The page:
Software engineer Gaël Matina Egbidi and her team created the financial product in order to improve financial inclusivity.
Africa’s financial inclusion problem is significant - with at least 66% of the population estimated to be unbanked. West Africa has the highest banking fees in the world, with fewer than 10% of Togolese having a bank card. The lack of access to finances is problematic in several ways. In a region with small, isolated markets, minor changes in supply or demand can greatly impact households and small businesses that are not connected to the global economy. Without bank accounts, individuals struggle to access credit, or advance their careers beyond cash or mobile-money wages. Financial literacy, often overly technical and inaccessible, creates an additional barrier for unbanked communities to enter the global financial system and benefit from a large, connected market.
Launching in the first quarter of 2022, Solimi customers will be able to buy the card even if they don’t have a bank account, top it up it with money (cash, mobile money or through bank transfers), and make purchases both in-store and online. Because the card is supported by Visa, it gives customers who may not previously have even had a bank account access to the global economy, with purchases enabled anywhere ordinary Visa cards can be used.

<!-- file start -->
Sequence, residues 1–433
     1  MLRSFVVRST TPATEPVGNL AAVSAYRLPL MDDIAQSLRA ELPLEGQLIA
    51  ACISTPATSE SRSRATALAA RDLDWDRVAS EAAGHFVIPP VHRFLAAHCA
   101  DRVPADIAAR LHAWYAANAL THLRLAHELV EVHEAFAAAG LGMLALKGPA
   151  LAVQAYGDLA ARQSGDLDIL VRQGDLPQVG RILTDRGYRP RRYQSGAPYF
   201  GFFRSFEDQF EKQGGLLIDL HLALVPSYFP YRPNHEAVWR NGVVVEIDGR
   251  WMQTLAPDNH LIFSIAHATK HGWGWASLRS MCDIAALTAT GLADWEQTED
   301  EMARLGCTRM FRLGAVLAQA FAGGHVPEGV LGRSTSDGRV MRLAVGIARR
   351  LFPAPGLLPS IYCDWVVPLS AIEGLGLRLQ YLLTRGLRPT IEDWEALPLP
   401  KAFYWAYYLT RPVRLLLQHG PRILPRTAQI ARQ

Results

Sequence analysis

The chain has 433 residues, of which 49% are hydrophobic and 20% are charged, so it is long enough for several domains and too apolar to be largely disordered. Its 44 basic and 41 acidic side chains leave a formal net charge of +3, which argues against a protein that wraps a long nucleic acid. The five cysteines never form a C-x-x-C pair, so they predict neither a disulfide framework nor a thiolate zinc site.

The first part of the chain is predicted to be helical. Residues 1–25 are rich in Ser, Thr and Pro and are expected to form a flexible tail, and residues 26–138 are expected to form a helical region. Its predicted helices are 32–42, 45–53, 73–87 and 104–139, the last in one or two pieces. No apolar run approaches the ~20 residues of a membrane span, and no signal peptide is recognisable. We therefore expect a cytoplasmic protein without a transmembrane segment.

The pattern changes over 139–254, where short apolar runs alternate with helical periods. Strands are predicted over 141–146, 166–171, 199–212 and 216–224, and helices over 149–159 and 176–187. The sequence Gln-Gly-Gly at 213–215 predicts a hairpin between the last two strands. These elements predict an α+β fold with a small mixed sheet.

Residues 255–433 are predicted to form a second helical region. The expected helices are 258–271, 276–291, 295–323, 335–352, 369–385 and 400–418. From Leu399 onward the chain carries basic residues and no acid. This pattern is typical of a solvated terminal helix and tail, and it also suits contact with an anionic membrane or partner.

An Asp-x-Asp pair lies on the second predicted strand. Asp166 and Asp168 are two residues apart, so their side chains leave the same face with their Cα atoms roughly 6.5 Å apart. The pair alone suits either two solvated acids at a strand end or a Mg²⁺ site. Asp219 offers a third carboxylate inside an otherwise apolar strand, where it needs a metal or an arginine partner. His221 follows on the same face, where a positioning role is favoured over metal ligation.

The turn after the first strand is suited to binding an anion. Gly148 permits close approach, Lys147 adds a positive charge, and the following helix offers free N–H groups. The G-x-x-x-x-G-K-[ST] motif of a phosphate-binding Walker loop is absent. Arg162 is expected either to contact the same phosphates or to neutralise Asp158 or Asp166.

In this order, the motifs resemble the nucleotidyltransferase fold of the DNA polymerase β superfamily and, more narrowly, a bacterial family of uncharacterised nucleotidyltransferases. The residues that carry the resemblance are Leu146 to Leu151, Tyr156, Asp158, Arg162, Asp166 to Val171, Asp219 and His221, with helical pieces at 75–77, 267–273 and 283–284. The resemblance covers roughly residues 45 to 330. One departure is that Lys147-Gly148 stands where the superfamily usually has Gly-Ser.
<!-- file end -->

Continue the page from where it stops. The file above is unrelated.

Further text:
Uniquely, the Solimi prepaid card allows users to convert mobile money to cash that can then be used to pay for purchases online or even drawn at a Visa-backed ATM. If a customer loses their card, they simply report it to Solimi to have it blocked, much like with an ordinary bank card. Cards can also be blocked via the Solimi mobile app.
Customers can have wages and salaries paid into the cards, send money to other Solimi customers or visa cards, buy groceries, fuel, goods and more in stores or online, and draw cash.
Using artificial intelligence, Solimi will analyse customer behaviour, predict purchases and help Egbidi and her team adapt their services to localised habits.
“We believe Solimi can have an enormous impact on both unbanked and low-income communities. By making financial inclusion far more affordable, as well as simpler and more versatile, we can walk together to a cashless world that works for everyone at every level of wealth.”
Gaël Matina Egbidi